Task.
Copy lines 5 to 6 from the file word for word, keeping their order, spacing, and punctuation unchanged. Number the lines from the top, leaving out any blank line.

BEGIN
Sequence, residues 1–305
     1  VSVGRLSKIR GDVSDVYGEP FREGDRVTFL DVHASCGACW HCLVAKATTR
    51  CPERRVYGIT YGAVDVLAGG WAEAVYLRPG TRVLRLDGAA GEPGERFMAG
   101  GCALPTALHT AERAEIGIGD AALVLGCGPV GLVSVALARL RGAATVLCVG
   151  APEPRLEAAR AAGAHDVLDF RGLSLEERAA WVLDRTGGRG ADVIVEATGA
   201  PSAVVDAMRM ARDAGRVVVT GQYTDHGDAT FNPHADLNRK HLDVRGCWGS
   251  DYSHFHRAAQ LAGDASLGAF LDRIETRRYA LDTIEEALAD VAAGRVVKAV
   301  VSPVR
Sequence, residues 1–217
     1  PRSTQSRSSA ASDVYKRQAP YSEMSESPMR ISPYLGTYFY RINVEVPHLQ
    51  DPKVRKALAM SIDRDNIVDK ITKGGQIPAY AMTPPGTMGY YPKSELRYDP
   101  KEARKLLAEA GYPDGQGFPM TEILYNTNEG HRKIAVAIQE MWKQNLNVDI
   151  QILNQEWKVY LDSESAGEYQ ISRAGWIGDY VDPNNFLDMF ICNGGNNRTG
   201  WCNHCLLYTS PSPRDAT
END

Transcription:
   151  APEPRLEAAR AAGAHDVLDF RGLSLEERAA WVLDRTGGRG ADVIVEATGA
   201  PSAVVDAMRM ARDAGRVVVT GQYTDHGDAT FNPHADLNRK HLDVRGCWGS